Opinion Pieces Discuss U.S. Federal Ebola Efforts, Plight Of Physicians In Sierra Leone

Washington Post: Federal employees are heavily involved in the fight against Ebola
Joe Davidson, columnist

“…Though [Ebola] is centered 4,500 miles away and has affected very few in the United States, federal employees, both civilian and military, are in the forefront of the battle against the deadly disease. … One of them is Anthony S. Fauci, director of the National Institute of Allergy and Infectious Diseases (NIAID) at the National Institutes of Health. … The Federal Diary spoke with Fauci at his NIH office in Bethesda about the ways the federal workforce is fighting Ebola…” (12/16).

Washington Post: Sierra Leone’s crisis deepens as doctors die of Ebola
Claudena Skran, Edwin and Ruth West professor of economics and society at Lawrence University

“…[N]early 10 percent of Sierra Leone’s doctors have perished from Ebola since the epidemic started in March. … Their deaths are not just personal tragedies for family and loved ones but also a tragedy for the country in its fight against Ebola and other health problems. … Even as new cases decline elsewhere in West Africa, Ebola continues to spread in Sierra Leone, the country’s response hindered by the tragic loss of its most trained medical personnel. … In order for this battle to be won, others will need to step in to fill the void left by the passing of … physicians in Sierra Leone” (12/16).

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Innovation, Increased Resources, Cooperation Can Eradicate Malaria

Huffington Post: The World Health Organization’s Annual World Malaria Report
Martin Edlund, CEO of Malaria No More

“…Now is the moment to put the world on a path to eradicating malaria within a generation, a feat that would rank as one of the greatest humanitarian achievements in history. To do that we need to think differently — we need to invent a new generation of tools that puts us on offense against malaria: hypersensitive diagnostics, next-gen treatments, new vector controls. … We also need to rethink how we fund malaria. … In addition to increased resources, global government and health leaders must work together to bring an end to the ongoing Ebola epidemic in West Africa…” (12/16).

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Private Financial Backing, Strong Coordination Can Help Eliminate NTDs

The Guardian: Pills, philanthropy, and parasitic worms
Ellen Agler, chief executive, and Warren Lancaster, senior vice president of program, both at the End Fund

“…The global movement to end NTDs has seen significant momentum in recent years. One of the most promising aspects of this is that new partners have joined the efforts, including private philanthropists who may never have even heard of these diseases a few years ago. … In the four years of [a privately funded] program, Burundi reached 90 percent of school children at risk of schistosomiasis through eight rounds of MDA. At the end of the program in 2011, national prevalence of schistosomiasis had been reduced from 12 percent to 1.4 percent. … With continued coordination, shared learning, and dedication, there is a strong chance we can realize the goals of the WHO Roadmap to eliminate NTDs” (12/16).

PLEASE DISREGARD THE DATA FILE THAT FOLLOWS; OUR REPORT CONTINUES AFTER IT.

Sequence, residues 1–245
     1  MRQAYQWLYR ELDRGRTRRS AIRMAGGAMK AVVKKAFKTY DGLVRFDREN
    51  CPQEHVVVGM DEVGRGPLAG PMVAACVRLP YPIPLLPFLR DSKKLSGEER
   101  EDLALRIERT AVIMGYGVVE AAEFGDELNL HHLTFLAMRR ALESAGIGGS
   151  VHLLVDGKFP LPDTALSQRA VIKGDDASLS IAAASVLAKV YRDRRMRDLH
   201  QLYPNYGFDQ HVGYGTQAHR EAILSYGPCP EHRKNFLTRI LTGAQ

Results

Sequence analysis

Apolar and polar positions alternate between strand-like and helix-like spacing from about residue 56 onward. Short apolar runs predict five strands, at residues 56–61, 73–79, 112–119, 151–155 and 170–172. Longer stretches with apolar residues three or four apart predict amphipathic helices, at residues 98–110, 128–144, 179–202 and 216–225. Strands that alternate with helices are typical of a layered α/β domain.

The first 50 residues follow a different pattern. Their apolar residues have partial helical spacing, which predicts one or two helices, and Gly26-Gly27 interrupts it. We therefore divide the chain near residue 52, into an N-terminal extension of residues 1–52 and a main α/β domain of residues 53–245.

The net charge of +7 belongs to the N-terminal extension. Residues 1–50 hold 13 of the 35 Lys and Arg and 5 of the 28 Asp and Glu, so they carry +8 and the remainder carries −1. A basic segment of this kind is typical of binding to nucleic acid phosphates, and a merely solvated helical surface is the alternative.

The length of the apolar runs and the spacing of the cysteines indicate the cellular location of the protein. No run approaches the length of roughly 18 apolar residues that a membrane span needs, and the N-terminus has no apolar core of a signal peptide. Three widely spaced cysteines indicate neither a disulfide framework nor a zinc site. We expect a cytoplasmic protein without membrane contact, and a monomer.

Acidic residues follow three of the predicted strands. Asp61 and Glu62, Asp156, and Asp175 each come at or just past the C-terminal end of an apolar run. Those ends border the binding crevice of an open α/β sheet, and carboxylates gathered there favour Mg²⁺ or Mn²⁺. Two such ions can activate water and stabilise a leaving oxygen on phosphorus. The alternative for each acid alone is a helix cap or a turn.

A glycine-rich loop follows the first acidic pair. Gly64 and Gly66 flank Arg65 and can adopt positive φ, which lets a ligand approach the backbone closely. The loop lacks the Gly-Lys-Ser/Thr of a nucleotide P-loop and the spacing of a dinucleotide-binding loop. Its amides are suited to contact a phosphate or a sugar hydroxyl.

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Investments In Young People's Reproductive Health Will Help Boost Economic Growth In Developing Nations

Huffington Post: Securing the Future With Youth Reproductive Health
John Seager, president of the Population Connection Action Fund

“…[W]ithout the ability to control when and how to have a family, young people won’t be able to drive the economic and social progress needed to secure a prosperous future for our planet and its inhabitants. Today’s youth are tomorrow’s leaders, and that means governments and the international community would be foolish not to make investing in their reproductive health an immediate priority. … Investments in this arena will certainly help improve the lives of individual young people, but they can also help developing countries, where most youth reside, achieve accelerated economic growth…” (12/16).

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7 Innovations That Would Greatly Impact Global Health

The Guardian: Seven breakthroughs that will transform global health
Shashi Buluswar, executive director at the Institute for Globally Transformative Technologies at Lawrence Berkeley National Lab

“…Working with more than 1,000 experts, we have analyzed where new technologies can make a game-changing difference in the fields of global health, food security and agriculture, education, human rights, the digital divide, access to water, gender equity, access to electricity, and resilience against climate change. Focusing on global health, the most important breakthroughs we have identified are: 1. HIV/AIDS, malaria, and tuberculosis (TB) vaccines; 2. Short-course TB treatments; 3. Microbicides to protect women against HIV/AIDS and human papillomavirus (HPV); 4. A drug that completely cures malaria; 5. A tool to diagnose several diseases; 6. Temperature-change-safe vaccines; 7. Solar-powered devices for maternal, child, and primary health care…” (12/17).